070820_MNS_full_Herring_sworn_in Lisa Herring and others

Lisa Herring, right, is sworn in by Fulton County State Court Judge Patsy Porter, left, as Herring’s mother and daughter, front center, look on.

Atlanta Public Schools is preliminarily moving forward with its plan to start the 2020-21 academic year two weeks later than planned and begin with nine weeks of online instruction due to the COVID-19 pandemic.

“With safety of students & staff our top priority, I’m recommending @apsupdate begin school on August 24 virtually,” Superintendent Lisa Herring, Ed.D, said in a July 10 tweet regarding the strategy, which includes starting school Aug. 24 instead of Aug. 10. “Aug 3-21 will be ‘runway for return to learning’ & pre-planning.”

At its special called meeting July 13 at its office downtown, the Atlanta Board of Education voted 9-0, as part of Herring’s plan, to approve the first reading of changing to the school calendar, which also includes decreasing the number of instruction days for 2020-21 by 10 days to 170. The board is expected to approve the calendar adjustments a second and final time at its Aug. 3 meeting.

The district is expected to hold classes in person after the first nine weeks, but that could change if the outbreak warrants keeping instruction online then.

According to a news release, Aug. 3 through 21 will serve as a time where the district will plan for going back to school, including student assessments and teachers getting to know their pupils. The online classes could end early or be extended depending on when and if the virus’ spread in Atlanta has dropped to a minimal or moderate level.

In response to Herring’s tweet, parents gave tweets of their own both criticizing and praising the plan.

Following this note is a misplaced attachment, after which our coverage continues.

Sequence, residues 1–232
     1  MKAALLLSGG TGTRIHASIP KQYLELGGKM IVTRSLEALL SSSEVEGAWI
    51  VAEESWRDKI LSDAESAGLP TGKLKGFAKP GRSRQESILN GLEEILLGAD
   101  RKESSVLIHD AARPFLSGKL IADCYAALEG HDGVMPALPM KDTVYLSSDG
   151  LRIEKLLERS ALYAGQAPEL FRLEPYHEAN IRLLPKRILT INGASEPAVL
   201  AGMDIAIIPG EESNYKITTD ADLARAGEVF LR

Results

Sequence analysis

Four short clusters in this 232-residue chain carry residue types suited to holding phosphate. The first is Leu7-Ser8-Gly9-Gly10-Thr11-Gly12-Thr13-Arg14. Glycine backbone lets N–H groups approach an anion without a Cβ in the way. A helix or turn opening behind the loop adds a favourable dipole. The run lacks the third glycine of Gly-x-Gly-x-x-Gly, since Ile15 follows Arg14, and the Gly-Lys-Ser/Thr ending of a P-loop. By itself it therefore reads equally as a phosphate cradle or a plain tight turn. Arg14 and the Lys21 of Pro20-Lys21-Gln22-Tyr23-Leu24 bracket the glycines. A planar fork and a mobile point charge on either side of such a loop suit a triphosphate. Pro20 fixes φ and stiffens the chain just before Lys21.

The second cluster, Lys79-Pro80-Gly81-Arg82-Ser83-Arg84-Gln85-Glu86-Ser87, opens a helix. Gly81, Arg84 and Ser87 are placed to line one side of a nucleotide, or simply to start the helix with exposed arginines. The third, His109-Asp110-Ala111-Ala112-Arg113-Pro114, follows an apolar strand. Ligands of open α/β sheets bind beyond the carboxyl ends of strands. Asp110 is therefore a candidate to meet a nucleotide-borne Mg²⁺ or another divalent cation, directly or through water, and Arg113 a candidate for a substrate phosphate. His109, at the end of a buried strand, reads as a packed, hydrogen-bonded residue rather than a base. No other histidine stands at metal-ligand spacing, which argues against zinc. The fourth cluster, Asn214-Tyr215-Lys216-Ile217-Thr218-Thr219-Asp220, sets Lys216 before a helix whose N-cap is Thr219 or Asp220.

According to a survey recently conducted by the district and whose results were included in its reopening plan presentation at the meeting (a copy is above left), 66% of responding parents said they are “at least somewhat comfortable returning to face-to-face” classes.

But 72% of teachers and 67% of bus drivers responding said they were “at least somewhat uncomfortable returning to work in person,” and about 45% of teachers and bus drivers responding said they are at “high risk” for contracting the virus.

District 4 board member Nancy Meister, who represents Buckhead’s schools, said over the weekend she got many calls and emails from constituents wanting the district to instead opt for a combination of both in-person and virtual classes.

“I personally would be hesitant to send my child back to school,” said Meister, whose children attended schools in the North Atlanta High cluster but have graduated. “I thought that would be the right thing, but the parents really want the in-person option. My hope is do we push back things and will things calm down and can we do some type of hybrid but keeping kids and teachers safe?

“This is such a strange time, and I think we have to take it day by day. … I would hope consideration would be taken. But you’ve got to have a plan and you’ve got to update it and communicate it and everybody knows it’s going to be fluid because this pandemic makes things change every day.”

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